A kitchen scientist and dog-lover. Someday I want to have you over for dinner.


Charles November 21, 2015
As for the ricotta, I can do without it. Like the sauce that you made to replace the ricotta. Will have to make this soon!
Ann-Marie D. September 30, 2014
Also, as I was using instant lasagna sheets (Barilla) and as I started reading comments, I was worried about the sheets sucking up moisture but I think there was no problem - though in a rush I did add about 1/4 cup of water with tomato sauce.
Ann-Marie D. September 30, 2014
Not sure if anyone ask - why is there no ricotta in this? I just made it with ricotta and it was quite tasty!
Karl R. April 8, 2014
Love this. One question: for the béchamel this calls for 0.5 cups (or 8 tbps) of butter, equal amounts flour, and then 4 cups of milk - I always thought the rule of thumb was 1tbsp butter, 1 tbsp flour, 1 cup of milk? So basically this recipe calls for half the milk (or twice the butter / flour) as I'd expect.
mike April 8, 2014
noun: recipe; plural noun: recipes
1. a set of instructions for preparing a particular dish, including a list of the ingredients required.
Todd E. April 8, 2014
I have shelves of old "receipt" and cookbooks that give fewer instructions and less guidance on ingredients and proportions.

How is this not a recipe?
Joy B. April 8, 2014
I would venture to say this isn't a recipe because there aren't exact measurements or ingredients given -- it's more of a guideline. The idea is to offer a sufficient amount of tips and suggestions, while still leaving plenty of room for adaptions and playing around, so that this may be useful and helpful to a wide range of home cooks.
Tom S. March 23, 2014
Admittedly, I am not an expert, but to make a vegetarian recipe I substitute strips of eggplant and zucchini for the meat sauce and used a blend of steamed cauliflower, butter, garlic, parsley and grated Parmesan and Asiago cheeses, all processed in my food processor, for the béchamel. People liked the taste.
Carol J. March 19, 2014
I make several versions of Las without a recipe...I enjoyed your demo/blog. The one I make depends on what quantities I have of which components-no wasteful trips to store - oh I never use no
cook noodles after the first experiment! This is the fast version: In a large steel bowl I mix a cheese blend of Asiago,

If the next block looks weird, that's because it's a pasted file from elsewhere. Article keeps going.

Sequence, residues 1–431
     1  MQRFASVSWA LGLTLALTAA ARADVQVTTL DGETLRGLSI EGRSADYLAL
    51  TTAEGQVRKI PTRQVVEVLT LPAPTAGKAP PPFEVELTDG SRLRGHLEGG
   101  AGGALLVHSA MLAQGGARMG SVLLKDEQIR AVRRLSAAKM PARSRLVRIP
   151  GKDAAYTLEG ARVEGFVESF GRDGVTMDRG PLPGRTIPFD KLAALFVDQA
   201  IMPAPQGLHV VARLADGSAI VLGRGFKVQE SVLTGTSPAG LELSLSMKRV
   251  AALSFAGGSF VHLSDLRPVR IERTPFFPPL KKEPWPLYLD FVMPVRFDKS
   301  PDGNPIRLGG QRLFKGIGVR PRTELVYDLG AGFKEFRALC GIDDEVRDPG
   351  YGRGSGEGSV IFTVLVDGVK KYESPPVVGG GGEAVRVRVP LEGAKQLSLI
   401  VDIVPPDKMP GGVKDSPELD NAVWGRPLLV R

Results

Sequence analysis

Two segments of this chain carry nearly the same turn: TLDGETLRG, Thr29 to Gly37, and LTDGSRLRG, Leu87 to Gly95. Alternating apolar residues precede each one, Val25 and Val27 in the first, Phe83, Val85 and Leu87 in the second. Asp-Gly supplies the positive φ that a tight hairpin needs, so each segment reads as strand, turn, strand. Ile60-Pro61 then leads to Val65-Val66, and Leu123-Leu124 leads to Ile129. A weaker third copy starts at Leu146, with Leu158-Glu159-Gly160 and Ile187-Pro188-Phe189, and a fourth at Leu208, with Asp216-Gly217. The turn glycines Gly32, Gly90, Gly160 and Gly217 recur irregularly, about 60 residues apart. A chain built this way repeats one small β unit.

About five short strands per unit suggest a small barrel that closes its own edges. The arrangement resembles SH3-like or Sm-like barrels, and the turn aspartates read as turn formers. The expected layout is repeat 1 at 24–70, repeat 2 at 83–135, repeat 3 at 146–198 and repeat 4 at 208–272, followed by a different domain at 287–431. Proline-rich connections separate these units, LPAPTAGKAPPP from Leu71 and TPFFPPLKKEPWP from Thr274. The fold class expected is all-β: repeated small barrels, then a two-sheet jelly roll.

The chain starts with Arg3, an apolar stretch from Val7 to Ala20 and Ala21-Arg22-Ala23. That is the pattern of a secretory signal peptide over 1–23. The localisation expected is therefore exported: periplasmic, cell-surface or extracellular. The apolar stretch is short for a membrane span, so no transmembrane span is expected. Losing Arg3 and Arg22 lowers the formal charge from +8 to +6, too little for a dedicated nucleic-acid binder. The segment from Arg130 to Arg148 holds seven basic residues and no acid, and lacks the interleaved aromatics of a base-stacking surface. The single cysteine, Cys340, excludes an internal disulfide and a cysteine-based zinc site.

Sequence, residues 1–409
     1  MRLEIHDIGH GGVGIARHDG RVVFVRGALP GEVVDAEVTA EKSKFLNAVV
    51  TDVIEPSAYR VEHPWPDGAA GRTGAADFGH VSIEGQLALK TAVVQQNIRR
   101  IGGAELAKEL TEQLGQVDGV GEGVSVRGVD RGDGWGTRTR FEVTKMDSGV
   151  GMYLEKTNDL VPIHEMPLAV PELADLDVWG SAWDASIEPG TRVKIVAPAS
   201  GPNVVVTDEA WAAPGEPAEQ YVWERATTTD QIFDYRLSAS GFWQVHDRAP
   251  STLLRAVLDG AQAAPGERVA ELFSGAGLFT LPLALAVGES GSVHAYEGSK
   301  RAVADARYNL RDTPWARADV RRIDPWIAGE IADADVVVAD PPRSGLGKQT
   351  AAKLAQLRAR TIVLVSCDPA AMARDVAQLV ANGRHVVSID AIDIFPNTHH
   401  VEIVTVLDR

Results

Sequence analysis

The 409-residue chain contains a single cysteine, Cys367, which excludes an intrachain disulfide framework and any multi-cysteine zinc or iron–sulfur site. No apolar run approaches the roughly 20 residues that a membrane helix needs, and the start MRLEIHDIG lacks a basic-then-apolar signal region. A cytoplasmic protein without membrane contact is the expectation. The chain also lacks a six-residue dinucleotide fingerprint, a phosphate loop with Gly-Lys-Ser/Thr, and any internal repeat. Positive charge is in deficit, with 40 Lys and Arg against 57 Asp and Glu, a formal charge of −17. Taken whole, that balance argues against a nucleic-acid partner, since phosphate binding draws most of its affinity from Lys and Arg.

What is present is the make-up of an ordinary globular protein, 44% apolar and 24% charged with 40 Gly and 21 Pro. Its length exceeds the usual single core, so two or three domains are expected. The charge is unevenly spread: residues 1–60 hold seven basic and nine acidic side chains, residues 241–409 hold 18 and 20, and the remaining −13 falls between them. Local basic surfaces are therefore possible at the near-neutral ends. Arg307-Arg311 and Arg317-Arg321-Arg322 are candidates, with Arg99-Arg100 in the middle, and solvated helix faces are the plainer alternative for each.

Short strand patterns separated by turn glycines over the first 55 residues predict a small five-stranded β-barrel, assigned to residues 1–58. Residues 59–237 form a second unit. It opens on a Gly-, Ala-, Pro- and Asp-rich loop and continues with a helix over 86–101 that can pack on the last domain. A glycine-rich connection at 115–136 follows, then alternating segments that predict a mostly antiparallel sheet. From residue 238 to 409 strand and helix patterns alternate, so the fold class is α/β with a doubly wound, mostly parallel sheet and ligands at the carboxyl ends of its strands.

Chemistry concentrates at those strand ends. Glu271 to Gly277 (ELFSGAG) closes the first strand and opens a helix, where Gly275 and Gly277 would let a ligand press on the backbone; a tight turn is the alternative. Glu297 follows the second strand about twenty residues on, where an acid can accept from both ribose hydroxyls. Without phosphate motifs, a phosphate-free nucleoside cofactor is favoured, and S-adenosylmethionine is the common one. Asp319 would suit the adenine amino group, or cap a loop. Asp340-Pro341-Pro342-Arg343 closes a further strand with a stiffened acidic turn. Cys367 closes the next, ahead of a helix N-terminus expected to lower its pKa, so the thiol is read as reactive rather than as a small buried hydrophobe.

Ricotta, ribbons-lots of ribbons of spinach, fresh parsley,salt
pepper, a little grated nutmeg. If there's leftover chicken or feeding real carnivores I shred that in and of course mix with hands. If time allows will make enough béchamel for bottom and
top...fresh grated parmesan...mmmmmm
Honeylishuss March 19, 2014
Judging from the photos you've used to demonstrate the assembly of the lasagna I have a few concerns based on my long experience of making this meal using instant lasagna sheets. You need each layer of meat sauce and bechamal sauce to be quite thick. Instant pasta sheets soak up every ounce of moisture and will result in a very dry pasta if you are not really generous with each layer of sauce. Make sure the pasta sheets are completely hidden/covered by each sauce and no corners protrude.
Catherine L. March 20, 2014
That's a good tip! We used regular lasagna noodles that we pre-cooked, but for those using instant noodles it sounds like it might be using thicker layers of sauce.
Charlene N. March 19, 2014
how do you make butternut puree
Kate March 19, 2014
Depends kind of on how fancy you want to get! I think the most basic way would be to dice and roast a butternut squash, then stick it in the food processor with a little butter, cream, or stock and process until smooth. A little sage would go nicely with butternut squash in a lasagna, too.
kim March 18, 2014
This was great- I always forget to put something in the pan before the first layer of noodles. I so enjoy this blog.
barbara G. March 17, 2014
Lasagna needs no special occassion, no special day, etc... I love making fresh pasta spontaneously and surprising my family even on a weeknight
Buon Appetito!
Sunday at the Giacometti's.
Where every day is Sunday...
Catherine L. March 18, 2014
I like your attitude.
Kate March 18, 2014
YES. Love it. "I'm bored...maybe I should make pasta." :)
Shana L. March 17, 2014
I started baking my lasagna in loaf pans. Keeps it from bubbling over because it's deep and 1 loaf pan = 2 servings. :)
Catherine L. March 18, 2014
That's an awesome idea! Then you get tons and tons of layers, too...
Honeylishuss March 19, 2014
That's brilliant
Kate March 17, 2014
Why did I think it was always ricotta that went in the middle? Bechamel looks so much easier, once you've made it! No trying to spread ricotta on those slippery noodles. Ugh. That's what you get when you use a recipe from the back of the noodle box, I guess.
ATG117 March 17, 2014
I think, but am not certain, that whether you use bechamel or ricotta has to do with regions in Italy.
CarlaCooks March 18, 2014
When I make lasagne, I usually use ricotta instead of bechamel. I'll mix the ricotta with 1 egg and some dried basil, then use it as a layer similar to the bechamel layering above.
Kate March 18, 2014
That makes perfect sense, thank you!
Kate March 18, 2014
@Carla, that's usually what I do! Usually it's parsley, not basil, but same idea. I feel like that's the way my mom made it, though I'm pretty sure she learned from the back of a box, too :)
Joy B. March 17, 2014
Catherine, you are a Not Recipe Queen and I want to live in your castle.
Catherine L. March 17, 2014
Only if you have a Dinner Tonight castle next door and we can all hang out.
Kenzi W. March 17, 2014
Column castles!